Which Children Are Harmed Most By Single Parenthood?

There’s an avoid-poverty formula going around that states something like this: to reduce the risk of being poor, graduate from high school, work full time, get married, and start having children after marriage.

People have so much more control over their lives than they realize. Children especially benefit from the institution of marriage. Children living with their married, biological parents are generally better off physical, financially, and emotionally than children who grow up in female-headed households. And shacking up isn’t the same.

Children in these fatherless homes face a higher risk of physical and sexual abuse. They tend to graduate at a lower rate, get pregnant out-of-wedlock, and end up in the juvenile justice system. A majority of prisoners come from such homes.

The Wall Street Journal reported on the racial aspect of family instability:

Of the many barriers to equal opportunity for African-Americans, differences of family background may well be the most consequential—and the least likely to yield to public policy. This is the gravamen of research made public in recent weeks, much of it collected in the fall 2015 issue of the academic journal the Future of Children.

Although there were signs of trouble to come in the 1960s, racial differences in marriage rates remained modest until 1970, when 95% of white women and 92% of black women had been married at least once. By 2012, however, a large gap had emerged: 88% of white women age 40-44 were or had been married, compared with only 63% of black women.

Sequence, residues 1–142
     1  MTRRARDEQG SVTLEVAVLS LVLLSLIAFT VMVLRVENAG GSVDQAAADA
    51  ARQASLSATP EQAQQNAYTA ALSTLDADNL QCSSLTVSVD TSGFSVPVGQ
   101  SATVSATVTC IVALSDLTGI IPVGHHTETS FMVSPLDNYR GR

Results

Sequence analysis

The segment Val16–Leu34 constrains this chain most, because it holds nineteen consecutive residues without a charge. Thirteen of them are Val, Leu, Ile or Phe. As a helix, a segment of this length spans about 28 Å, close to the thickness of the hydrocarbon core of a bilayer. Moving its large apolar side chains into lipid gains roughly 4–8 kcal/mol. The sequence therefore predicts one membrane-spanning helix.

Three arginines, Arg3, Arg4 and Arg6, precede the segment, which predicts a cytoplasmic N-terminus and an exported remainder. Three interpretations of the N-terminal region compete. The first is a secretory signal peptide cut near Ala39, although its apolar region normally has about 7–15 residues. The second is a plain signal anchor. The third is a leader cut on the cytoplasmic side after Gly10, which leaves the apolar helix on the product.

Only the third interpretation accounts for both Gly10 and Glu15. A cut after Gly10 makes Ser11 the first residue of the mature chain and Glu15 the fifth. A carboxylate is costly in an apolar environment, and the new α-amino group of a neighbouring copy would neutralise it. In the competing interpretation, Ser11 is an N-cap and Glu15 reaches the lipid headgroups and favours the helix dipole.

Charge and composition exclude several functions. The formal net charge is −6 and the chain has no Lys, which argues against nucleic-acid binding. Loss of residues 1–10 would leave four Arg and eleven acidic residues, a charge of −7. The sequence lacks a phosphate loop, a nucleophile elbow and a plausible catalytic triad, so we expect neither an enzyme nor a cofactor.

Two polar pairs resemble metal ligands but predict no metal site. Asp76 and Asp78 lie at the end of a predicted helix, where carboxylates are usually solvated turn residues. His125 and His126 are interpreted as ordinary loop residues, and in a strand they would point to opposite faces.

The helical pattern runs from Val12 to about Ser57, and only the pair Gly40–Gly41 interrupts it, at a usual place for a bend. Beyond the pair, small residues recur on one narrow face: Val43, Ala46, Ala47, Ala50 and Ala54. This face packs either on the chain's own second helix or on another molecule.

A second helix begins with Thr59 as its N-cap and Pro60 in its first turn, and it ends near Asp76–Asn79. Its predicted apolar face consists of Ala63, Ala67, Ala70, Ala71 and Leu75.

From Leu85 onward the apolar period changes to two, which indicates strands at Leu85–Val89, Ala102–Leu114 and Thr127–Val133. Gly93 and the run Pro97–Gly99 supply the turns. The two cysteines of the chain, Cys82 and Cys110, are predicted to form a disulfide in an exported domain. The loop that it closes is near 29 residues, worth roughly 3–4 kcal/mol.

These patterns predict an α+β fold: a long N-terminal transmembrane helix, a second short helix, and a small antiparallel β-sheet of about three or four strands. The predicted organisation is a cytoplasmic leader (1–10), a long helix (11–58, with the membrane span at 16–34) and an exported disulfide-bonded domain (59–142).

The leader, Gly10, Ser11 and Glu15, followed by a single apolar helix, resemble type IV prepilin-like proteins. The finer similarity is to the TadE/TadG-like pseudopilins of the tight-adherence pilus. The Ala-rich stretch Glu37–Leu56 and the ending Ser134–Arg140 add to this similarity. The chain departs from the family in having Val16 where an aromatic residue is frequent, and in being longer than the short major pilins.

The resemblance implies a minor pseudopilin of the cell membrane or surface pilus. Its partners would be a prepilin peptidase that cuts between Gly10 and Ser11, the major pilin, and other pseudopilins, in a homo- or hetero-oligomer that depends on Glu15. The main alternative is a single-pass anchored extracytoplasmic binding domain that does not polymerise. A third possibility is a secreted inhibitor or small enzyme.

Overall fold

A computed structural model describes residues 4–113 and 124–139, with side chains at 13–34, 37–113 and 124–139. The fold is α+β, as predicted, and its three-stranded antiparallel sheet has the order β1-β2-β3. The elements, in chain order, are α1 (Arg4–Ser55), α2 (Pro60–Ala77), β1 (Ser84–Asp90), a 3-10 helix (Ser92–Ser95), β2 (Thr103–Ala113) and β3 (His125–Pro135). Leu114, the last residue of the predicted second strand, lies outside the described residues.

Education makes a difference: Among black women with a bachelor’s degree or more, the ever-married rate is 71%; for those with no more than a high-school diploma, it is only 56%. But race also matters. The ever-married rate for college-educated black women is 17 percentage points lower than for white women, while the black/white gap among the least-educated women is a stunning 31 points.

Black children are less likely to grow up in married households. It’s particularly bad for black boys who grow up with family instability. In a recent column, Star Parker wrote:

Since the 1960s, both black marriage and black male identity have been deeply wounded by the assault of liberals and big government on black life.

The unique challenge for blacks is that the truths that popular American culture is out to destroy, traditional sexual identity and traditional marriage, are the very truths that must be resuscitated and saved in order to save black communities.

The best hope is getting black children out of public schools. Inner-city public schools are failed union-controlled cesspools of politically correct culture. It’s why school choice — providing education options that include traditional values — is vital to a healthy future for young black men and the black family.

Photo credit: American Life League (Creative Commons) – Some Rights Reserved

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  1. Black children are less likely to grow up in married households and that is by choice. I once sat at the Dept of Vital Statistics with a friend and 4 black gals were pregnant. 2 of them by the same boy. Not one of the young gals were planning on getting married. They just wanted a new baby… as if it were a puppy.

  2. I believe that black boys have the worst time w/o a dad. Look at Dr. Ben Carson.